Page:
|Chapter 2: Contents of the Gita Summarized|
rasa-varjam raso 'py asya
param drishtva nivartate
The embodied soul may be restricted from sense enjoyment, though the taste for sense objects remains. But, ceasing such engagements by experiencing a higher taste, he is fixed in consciousness.
Krishna continues on the subject of the nature of the sense control. Here, He compares the two forms of sense control. One is to restrict the senses from their objects, which the yogis tend to do. They give up eating, sleeping or any kind of activity that gives the senses an opportunity to enjoy. They renounce their family and friends, become reclusive and live very hard and austere lives. Despite the external denial of the senses, the taste or hankering for enjoyment will remain, which will cause the eventual downfall of the yogis.
The second option Krishna proposes is called the "higher taste." Here the senses are fully engaged, not for the purpose of personal gratification, but for the pleasure of the Lord. Example the ears like pleasing music, but instead of hearing mundane music one listens to devotional songs. Similarly the tongue likes to vibrate (talk) and taste. This could be done as devotional service by engaging the tongue in Krishna-katha and eating prasadam. Since the senses are fully engaged there is now no chance of their fall down. Srila Prabhupada explains, "But one who has tasted the beauty of the Supreme Lord Krishna, in the course of his advancement in Krishna consciousness, no longer has a taste for dead, material things."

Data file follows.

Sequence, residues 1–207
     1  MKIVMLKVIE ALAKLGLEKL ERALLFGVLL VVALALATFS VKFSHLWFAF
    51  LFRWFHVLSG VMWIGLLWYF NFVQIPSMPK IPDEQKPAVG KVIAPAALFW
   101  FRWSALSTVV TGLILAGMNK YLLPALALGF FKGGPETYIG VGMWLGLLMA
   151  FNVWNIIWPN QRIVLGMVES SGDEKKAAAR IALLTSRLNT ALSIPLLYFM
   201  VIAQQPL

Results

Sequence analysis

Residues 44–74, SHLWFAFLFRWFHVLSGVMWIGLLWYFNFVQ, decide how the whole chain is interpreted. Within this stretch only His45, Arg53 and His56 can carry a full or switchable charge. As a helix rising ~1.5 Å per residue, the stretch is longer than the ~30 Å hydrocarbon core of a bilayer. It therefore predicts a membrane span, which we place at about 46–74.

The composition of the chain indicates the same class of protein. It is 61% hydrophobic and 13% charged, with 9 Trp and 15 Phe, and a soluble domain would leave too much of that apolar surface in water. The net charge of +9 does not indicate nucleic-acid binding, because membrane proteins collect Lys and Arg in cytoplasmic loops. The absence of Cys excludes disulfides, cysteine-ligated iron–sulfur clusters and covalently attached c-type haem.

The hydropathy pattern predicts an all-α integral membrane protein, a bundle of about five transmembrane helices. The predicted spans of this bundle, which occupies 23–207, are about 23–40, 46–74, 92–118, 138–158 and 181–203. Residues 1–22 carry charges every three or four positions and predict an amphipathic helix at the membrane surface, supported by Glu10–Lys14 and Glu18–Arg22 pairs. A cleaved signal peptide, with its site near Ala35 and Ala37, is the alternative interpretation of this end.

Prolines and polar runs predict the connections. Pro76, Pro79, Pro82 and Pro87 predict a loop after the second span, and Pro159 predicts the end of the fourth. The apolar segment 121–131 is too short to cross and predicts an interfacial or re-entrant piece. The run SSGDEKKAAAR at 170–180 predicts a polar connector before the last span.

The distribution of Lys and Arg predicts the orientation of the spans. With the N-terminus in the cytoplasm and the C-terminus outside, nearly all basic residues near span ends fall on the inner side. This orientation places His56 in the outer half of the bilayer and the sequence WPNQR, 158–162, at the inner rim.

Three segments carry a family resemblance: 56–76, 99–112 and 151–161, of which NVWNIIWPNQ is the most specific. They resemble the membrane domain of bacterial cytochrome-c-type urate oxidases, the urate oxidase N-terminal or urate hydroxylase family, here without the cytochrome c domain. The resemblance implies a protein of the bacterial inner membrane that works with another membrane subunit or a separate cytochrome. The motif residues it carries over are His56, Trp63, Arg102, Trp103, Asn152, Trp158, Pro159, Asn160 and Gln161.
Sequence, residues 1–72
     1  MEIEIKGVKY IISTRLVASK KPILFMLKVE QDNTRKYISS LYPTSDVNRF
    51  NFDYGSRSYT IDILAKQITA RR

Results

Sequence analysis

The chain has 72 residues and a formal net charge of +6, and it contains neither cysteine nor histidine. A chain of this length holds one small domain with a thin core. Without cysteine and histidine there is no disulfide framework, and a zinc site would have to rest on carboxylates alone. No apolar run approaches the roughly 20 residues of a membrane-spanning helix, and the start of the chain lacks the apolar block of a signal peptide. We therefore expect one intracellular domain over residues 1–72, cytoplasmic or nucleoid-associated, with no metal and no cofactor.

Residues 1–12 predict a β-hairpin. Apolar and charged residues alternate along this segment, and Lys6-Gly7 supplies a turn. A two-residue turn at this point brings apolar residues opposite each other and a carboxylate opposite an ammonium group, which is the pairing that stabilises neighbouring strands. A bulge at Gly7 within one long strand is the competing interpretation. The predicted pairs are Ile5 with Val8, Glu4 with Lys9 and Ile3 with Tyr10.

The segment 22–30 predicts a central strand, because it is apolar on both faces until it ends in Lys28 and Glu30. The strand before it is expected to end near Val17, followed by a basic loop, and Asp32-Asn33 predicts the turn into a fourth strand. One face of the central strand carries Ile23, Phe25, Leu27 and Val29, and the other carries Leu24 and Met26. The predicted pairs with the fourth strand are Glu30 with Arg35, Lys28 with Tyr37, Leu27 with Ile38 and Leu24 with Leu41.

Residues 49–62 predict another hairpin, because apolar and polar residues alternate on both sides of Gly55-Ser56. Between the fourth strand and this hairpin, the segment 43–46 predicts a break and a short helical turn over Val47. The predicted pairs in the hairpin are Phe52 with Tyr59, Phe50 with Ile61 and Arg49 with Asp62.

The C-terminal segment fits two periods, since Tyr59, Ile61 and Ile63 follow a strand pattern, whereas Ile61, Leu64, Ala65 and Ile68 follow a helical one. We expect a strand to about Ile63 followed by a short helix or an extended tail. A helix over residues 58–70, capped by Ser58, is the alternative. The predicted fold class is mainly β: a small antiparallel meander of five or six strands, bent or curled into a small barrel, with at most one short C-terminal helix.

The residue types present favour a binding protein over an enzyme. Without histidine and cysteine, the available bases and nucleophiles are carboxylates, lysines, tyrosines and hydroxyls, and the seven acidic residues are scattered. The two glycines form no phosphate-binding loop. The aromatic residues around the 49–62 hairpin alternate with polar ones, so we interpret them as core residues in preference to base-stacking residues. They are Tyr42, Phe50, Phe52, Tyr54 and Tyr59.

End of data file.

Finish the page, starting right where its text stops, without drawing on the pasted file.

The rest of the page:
In text 60-63 Krishna builds on this specifically in context to Arjuna's plan to renounce work and go to the forest to "gain knowledge" and avoid sinful reactions.
Please read the Sanskrit Verse and the Prabhupada's Purport.